Miserable from Allergies?
Monday, October 3, 2011
LifeTime WeightLoss in Anika Christ, Digestive Health, Metabolism, allergies

Written by: Anika Christ, RD, CISSN, CPT - Life Time Fitness

Do you regularly experience itchy eyes, a stuffy nose and phlegm-filled throat? At this time of year, these symptoms are about as prevalent to Americans as fantasy football. Allergies seem to be on the rise, and if you are like most individuals, you’ve probably dabbled in some of the drugs and sprays geared towards decreasing these symptoms.  But many of us don’t find relief from these treatments, because we’ve either become immune to their long-term use or because we’re not interested in common side effects, such as fatigue or depletion of nutrients and gut flora. 

Whatever the case, be sure that your typical health routine (nutrition, exercise and supplements) actually helps relieve your pain, not heighten your symptoms.  If you are a seasonal sufferer, try these tips below today.


When it comes to nutrition, you want to focus on foods that can help fight off inflammation and avoid foods that will enhance it. 

  1. Don’t forget your omega-3s: These nutrients (ALA and EPA, in particular) fight inflammation, and in turn, can decrease related symptoms. Foods high in omega-3s include coldwater fish, walnuts, flaxseed and grass-fed meats.
  2. Add some spice to your life!  Chili powder, hot pepper and hot mustards can act as natural decongestants. Add them to your meals to help keep your airways clean.
  3. Drink tea. Some hot teas can help calm and cool your throat. Add a small amount of organic honey to help defuse any scratchiness or irritation. 
  4. Ditch your top allergen foods.  Some seasonal allergy sufferers actually have food sensitivities. The obvious culprits include cow dairy, wheat, gluten, corn, soy and peanuts.  Try to avoid these foods during prime-time allergy season to help keep your body free from additional inflammation and your mucous levels low.


When suffering from allergy symptoms, many of us might avoid exercise all together. Breathing is an important factor to exercise, but it can be very difficult to do when our airways are filled with phlegm.  On the other side, we don’t want to push our workouts too hard and encourage even more stress on our immune system, which can worsen our symptoms.  To ensure you don’t go overboard, try some of these tips to keep your body moving and fighting:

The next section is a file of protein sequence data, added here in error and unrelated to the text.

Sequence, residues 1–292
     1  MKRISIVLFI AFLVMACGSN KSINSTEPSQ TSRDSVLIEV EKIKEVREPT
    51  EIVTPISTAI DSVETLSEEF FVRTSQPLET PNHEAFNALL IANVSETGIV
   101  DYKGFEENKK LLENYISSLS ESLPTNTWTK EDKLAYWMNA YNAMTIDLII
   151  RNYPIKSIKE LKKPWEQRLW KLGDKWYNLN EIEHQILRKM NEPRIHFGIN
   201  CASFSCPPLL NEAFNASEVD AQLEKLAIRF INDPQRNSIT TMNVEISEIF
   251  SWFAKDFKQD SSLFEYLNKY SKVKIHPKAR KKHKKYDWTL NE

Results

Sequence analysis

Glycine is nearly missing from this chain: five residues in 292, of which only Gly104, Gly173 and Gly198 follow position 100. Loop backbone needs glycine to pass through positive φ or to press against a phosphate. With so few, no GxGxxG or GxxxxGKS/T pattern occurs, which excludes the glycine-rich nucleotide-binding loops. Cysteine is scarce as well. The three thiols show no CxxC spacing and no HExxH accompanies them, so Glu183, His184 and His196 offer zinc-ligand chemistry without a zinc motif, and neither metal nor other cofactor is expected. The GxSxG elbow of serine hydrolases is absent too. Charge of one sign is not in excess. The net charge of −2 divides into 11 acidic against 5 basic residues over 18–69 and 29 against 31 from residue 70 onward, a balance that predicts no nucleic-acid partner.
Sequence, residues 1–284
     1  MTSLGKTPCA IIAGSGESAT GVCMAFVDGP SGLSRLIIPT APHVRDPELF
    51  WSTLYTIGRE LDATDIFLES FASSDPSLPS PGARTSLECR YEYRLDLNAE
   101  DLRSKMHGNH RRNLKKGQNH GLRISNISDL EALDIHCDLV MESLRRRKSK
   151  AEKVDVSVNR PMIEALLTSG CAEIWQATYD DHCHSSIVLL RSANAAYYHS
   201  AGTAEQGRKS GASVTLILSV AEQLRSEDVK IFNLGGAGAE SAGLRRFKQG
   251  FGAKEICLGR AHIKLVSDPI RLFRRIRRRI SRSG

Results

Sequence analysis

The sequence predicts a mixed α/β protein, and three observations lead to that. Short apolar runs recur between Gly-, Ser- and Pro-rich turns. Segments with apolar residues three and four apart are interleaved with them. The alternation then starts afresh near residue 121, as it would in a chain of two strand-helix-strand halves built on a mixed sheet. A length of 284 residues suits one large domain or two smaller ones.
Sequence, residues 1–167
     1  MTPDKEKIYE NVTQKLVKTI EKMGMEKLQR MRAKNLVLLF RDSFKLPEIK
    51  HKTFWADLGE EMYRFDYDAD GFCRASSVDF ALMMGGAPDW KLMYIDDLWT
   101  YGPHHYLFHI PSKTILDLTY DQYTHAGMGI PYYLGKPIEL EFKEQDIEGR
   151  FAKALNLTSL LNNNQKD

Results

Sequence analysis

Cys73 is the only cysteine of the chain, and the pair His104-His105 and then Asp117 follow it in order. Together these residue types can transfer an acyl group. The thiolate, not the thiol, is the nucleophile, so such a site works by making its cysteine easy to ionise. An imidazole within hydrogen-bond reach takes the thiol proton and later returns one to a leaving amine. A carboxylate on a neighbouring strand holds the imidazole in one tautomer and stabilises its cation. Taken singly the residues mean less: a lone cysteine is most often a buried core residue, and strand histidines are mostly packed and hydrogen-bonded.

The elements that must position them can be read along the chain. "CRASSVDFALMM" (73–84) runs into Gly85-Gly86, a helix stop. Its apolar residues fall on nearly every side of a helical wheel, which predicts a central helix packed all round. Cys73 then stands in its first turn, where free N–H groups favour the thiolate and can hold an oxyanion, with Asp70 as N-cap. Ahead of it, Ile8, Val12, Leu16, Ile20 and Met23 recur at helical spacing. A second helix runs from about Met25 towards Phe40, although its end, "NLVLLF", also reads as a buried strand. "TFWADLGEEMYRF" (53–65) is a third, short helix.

1. Focus on light to moderate cardio and strength training and keep your duration to 30 minutes or less. Your body can still encourage a sweat without creating a high inflammatory response.
  2. Try some yoga. Yoga can be a great regenerative form of exercise that minimizes stress hormones being released and strengthen your body systems. 
  3. Take a sauna.  Utilizing the dry sauna in the club can be especially relieving for the sinuses and airways. Try to go for 10-15 minutes a few times each week for optimal relief. 


Setting your body’s best defenses is key during allergy season. Certain nutrients and supplements can help boost your body’s immune system.  At this time of year be sure to add these immune-boosting supplements to your foundational multivitamin and fish oil:

  1. Get your bugs. Probiotics can help put good flora back into your gut, especially if you do turn to drug therapy that ends up depleting your current population. Because 70 percent of our immunity begins in our gut, it’s important to have healthy bacteria there. For a high-quality pharmaceutical grade probioyic, check out Douglas Laboratories Multiprobiotic-4000.
  2. Take your sunshine vitamin. Vitamin D is crucial for gut function and immunity. The Vitamin D Council recommends 5,000 IU for adults.  Make sure you take at least the daily minimum dose at this time of year.
  3. Pump up your Ascorbic Acid, or vitamin C. This potent antioxidant works in many pathways in the body but is most known for enhancing the immune system. Start with 500-1000 milligrams per day. 

See: VitaminDCouncil.org

This article is not intended for the treatment or prevention of disease, nor as a substitute for medical treatment, nor as an alternative to medical advice. Use of recommendations in this and other articles is at the choice and risk of the reader.

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